San Bernardino, California —— Entering play on Saturday night, Arizona Diamondbacks middle infield prospect Henry Castillo is slashing .223/.263/.306/.568 over 65 games with the High-A Visalia Rawhide in 2017, with 12 doubles, two home runs, 13 walks, and 84 strikeouts across 242 at-bats. I observed the 22-year-old Dominican a few dozen times in both 2016 and 2017, most recently in a June 5 road game at Inland Empire; below is Baseball Census‘ full Henry Castillo scouting report, including several videos.
Henry Castillo Scouting Report — Video
Our first video of Arizona Diamondbacks infield prospect Henry Castillo comes from a June 5, 2017 outing for Visalia against the Inland Empire 66ers, where he hit from both sides of the plate in day game action:
And our second Henry Castillo video comes from various points of his 2016 season, also spent with the High-A Visalia Rawhide:
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Henry Castillo Scouting Report — Notes
A year ago, Henry Castillo was a 21-year-old playing up a level in the Cal League and putting together a decent season considering his lack of high level experience (.258/.311/.417/.728 with 38 doubles and 12 home runs in 127 games for Visalia). Now, a year later, he’s a 22-year-old back in the Cal League—more age-appropriate for the level—and mystifyingly, he has completely lost his way. Castillo’s statistical struggles are obvious to see (through nearly 300 plate appearances this year, his OPS is just .568), and his stock has dropped considerably in a years’ time; the Arizona Diamondbacks #18 prospect entering play a year ago, he’s now fallen completely off the list (in a relatively weak farm system) and he has some work to do to get back on track.
A switch hitter, there’s some matchup immunity in Castillo’s game, but he struggles mightily to track pitches, work deep counts, and get on base via the walk (always low, his walk rate in 2017 is a mere 5.0% with just 13 free passes in 259 plate appearances). That’s really limiting him as an offensive threat right now, and combined with a total power outage relative to what had been growing last year, the second baseman has been limited to a station-to-station singles hitter who has scored only 18 runs in 65 games. There may be a mechanical issue behind this; Castillo has quite a bit of head movement between stance and stride, and the weight transfer that goes along with it makes his timing very inconsistent. He’s significantly better with it from the left side of the plate than the right, but both sides are heavily timing-dependent for him to find success, and his timing and pitch tracking have been off this summer. Add his below-average bat speed, and yeah — it’s been a tough year.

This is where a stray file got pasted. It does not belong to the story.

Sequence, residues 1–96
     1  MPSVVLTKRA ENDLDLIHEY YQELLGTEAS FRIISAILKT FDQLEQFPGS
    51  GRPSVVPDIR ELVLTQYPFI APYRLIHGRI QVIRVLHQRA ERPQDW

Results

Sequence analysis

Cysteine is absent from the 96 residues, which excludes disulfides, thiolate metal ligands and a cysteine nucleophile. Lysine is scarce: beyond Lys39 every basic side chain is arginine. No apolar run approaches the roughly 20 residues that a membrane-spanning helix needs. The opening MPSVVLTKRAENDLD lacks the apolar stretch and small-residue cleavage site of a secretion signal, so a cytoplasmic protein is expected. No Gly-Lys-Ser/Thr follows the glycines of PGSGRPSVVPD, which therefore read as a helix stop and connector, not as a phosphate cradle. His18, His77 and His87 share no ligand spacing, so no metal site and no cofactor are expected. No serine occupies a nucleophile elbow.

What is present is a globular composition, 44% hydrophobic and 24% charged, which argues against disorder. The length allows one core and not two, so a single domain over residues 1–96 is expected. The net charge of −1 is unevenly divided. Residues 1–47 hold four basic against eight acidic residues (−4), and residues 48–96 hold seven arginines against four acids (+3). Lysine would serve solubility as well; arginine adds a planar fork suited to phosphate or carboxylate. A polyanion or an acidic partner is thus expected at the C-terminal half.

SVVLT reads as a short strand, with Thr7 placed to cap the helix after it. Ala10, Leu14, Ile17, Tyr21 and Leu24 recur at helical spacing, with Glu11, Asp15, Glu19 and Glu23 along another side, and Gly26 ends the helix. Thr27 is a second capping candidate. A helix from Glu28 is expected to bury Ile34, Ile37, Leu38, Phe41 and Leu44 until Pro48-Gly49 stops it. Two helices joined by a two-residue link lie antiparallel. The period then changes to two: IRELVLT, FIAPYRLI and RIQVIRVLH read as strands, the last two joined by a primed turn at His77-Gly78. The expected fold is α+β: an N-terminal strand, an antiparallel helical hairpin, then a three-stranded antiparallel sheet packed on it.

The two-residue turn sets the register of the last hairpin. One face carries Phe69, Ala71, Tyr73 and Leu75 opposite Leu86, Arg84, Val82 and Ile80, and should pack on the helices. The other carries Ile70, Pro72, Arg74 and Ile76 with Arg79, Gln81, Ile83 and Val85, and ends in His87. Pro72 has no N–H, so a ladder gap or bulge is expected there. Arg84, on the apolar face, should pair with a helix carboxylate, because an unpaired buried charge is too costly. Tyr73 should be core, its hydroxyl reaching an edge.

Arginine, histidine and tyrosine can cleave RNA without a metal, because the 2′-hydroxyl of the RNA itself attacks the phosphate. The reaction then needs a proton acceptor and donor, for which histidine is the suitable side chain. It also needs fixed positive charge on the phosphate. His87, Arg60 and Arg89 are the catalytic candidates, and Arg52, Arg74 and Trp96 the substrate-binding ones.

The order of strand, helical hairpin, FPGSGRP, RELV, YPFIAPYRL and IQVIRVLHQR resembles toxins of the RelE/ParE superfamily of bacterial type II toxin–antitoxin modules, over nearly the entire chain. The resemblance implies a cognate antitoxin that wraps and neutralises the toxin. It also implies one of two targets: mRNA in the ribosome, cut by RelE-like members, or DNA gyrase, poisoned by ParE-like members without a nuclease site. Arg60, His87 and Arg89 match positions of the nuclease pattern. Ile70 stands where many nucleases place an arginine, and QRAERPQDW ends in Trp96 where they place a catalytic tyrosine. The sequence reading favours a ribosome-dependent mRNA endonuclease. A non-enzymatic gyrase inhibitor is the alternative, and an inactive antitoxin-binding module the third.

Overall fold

Defensively, Henry Castillo predominantly plays second base and third base, and those two positions are undoubtedly his best fits moving forward. His range is below average and he can get flat-footed in the field, even though his arm strength is above-average, and so he’s not ideal for a premium position like shortstop. He’ll need to prove that he can hit enough to play third, though, and so a utility infielder role or second base job may best be in his future.
Henry Castillo Scouting Report — Projection
Admittedly it’s kind of tough to see Henry Castillo like this. He didn’t have a world-beating summer or anything in 2016, but he was capable and competitive against a league more than a year his senior. Back in the Cal League for a second go-round now, he looks completely lost at the plate. There’s good news, of course; the second baseman is still only 22 years old (young for the Cal League), and the Arizona Diamondbacks don’t exactly have a deep system around Castillo that’ll leave him in the dust. But repeating a level and then doing markedly worse in the second year isn’t a good sign, either, and Castillo is struggling to take competitive at-bats and work deep counts right now well beyond just a tough slump or a less-than-stellar first half. If he can right the ship late this year and into 2018, he can get back on track thanks to his versatility both at the plate and in the field, but he’ll need to revert back to what he was doing in 2016 and then some to get back on the prospect radar.
Long term, Henry Castillo has a utility infielder ceiling, but that’s been blurred considerably with a very tough year in Visalia. Still young, the Arizona Diamondbacks have themselves a development project here who nevertheless has a good pedigree (Castillo already got time with Águilas in the Dominican Winter League in both of the last two offseasons). There’s a lot of work to be done, though—a disappointing restart for a guy who flashed line drive gap power from both sides of the plate just a season ago. If he significantly improves patience and pitch recognition at the plate, Henry Castillo could turn himself into a mediocre bench role guy in the big leagues, but there are miles to go between that end goal and the position in which he now finds himself.